Branchial cleft cysts arise from the failure of the pharyngobranchial ducts to obliterate during fetal development. They most frequently present in late childhood or early adulthood, when the cysts become infected usually after an upper respiratory tract infection. A branchial cleft cyst appears as a tender, inflammatory mass located at the anterior border of the sternocleidomastoid muscle
Branchial cleft cysts fall into three categories: first, second, and third branchial cleft anomalies.
First Branchial Cleft Anomalies
First branchial cleft anomalies make up less than 1% of all branchiogenic anomalies and usually appear on the face or near the auricle. There are two types of first branchial anomalies, Type I and Type II.
Type I first branchial cleft cysts are duplication anomalies of the external canal and are composed of ectodermally derived tissue. They may pass into the parotid gland and close to the facial nerve.
Type II anomalies may comprise ectodermally and mesodermally derived tissues. These lesions typically present below the angle of the mandible, pass through the parotid gland in close proximity to the facial nerve, and end either inferior to the external auditory canal or into the canal at the bony cartilaginous junction.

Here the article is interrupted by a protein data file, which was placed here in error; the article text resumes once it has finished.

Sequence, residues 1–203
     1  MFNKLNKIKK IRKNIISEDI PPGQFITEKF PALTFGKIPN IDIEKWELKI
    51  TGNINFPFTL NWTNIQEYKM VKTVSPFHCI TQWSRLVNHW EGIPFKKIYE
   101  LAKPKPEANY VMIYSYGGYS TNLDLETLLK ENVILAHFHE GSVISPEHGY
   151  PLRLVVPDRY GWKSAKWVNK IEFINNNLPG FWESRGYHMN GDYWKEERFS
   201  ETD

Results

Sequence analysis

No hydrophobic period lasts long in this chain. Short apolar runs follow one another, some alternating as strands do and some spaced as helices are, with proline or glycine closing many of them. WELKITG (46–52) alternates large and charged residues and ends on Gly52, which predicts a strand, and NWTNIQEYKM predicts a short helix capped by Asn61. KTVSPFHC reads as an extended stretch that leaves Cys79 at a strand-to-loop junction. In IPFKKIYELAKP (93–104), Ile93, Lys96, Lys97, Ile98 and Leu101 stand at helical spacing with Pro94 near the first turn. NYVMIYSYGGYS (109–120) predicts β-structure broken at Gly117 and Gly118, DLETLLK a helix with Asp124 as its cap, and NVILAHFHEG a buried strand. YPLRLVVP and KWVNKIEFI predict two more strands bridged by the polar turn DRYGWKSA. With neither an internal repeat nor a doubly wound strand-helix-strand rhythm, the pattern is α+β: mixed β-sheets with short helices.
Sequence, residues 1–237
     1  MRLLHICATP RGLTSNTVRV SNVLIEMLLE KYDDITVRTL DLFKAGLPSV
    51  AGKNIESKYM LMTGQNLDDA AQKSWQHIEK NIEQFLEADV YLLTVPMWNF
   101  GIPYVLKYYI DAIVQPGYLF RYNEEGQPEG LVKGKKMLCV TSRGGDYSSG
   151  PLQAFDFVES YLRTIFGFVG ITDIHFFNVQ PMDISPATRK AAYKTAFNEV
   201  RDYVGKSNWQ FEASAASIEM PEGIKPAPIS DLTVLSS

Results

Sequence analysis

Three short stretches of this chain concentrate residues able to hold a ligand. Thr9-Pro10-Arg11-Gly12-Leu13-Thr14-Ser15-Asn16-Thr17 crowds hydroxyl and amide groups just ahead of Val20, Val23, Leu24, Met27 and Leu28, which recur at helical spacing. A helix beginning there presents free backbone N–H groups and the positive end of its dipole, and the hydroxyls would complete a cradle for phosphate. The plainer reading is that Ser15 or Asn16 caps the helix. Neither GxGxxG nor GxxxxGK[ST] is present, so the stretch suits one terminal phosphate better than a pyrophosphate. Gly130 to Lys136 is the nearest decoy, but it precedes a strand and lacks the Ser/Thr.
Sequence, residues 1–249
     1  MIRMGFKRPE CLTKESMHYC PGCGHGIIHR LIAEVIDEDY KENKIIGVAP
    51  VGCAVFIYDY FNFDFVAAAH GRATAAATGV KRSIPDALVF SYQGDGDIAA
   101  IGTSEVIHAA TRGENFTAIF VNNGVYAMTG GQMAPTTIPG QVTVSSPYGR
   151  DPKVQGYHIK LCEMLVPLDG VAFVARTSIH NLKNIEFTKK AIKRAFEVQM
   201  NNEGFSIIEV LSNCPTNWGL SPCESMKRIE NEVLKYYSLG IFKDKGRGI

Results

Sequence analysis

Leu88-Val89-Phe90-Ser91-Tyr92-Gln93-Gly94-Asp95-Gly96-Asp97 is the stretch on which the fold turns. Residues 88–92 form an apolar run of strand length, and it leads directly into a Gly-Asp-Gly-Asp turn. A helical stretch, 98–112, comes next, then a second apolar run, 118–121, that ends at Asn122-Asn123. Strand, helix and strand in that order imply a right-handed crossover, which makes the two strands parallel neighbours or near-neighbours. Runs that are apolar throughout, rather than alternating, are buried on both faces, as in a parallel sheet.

Second Branchial Cleft Anomalies
Second branchial cleft anomalies are the most common of the three types. They present as discrete, rounded masses below the angle of the mandible and at the anterior border of the sternocleidomastoid muscle. The potential tract of an associated sinus passes deep to the second arch structures (eg, the external carotid artery and the stylohyoid and digastric muscles) and superficial to the third arch derivatives (eg, the internal carotid artery), opening into the tonsillar fossa.
Third Branchial Cleft Anomalies
Third branchial cleft cysts present anterior to the sternocleidomastoid muscle and lower in the neck than either first or second branchial cleft anomalies. Third branchial cleft cysts are deep to the third arch derivatives (eg, the glossopharyngeal nerve and the internal carotid artery) and superficial to fourth arch derivatives (eg, the vagus nerve). These anomalies end in the pharynx at the thyrohyoid membrane or pyriform sinus.
The management of branchial cleft anomalies is initial control of the infection followed by surgical excision of the cyst and tract. As a general rule, incision and drainage procedures should be avoided; however, they may be necessary for acute abscess treatment before definitive excision. Needle aspiration and decompression can be beneficial in preventing incision and drainage, which increases the difficulty of definitive excision.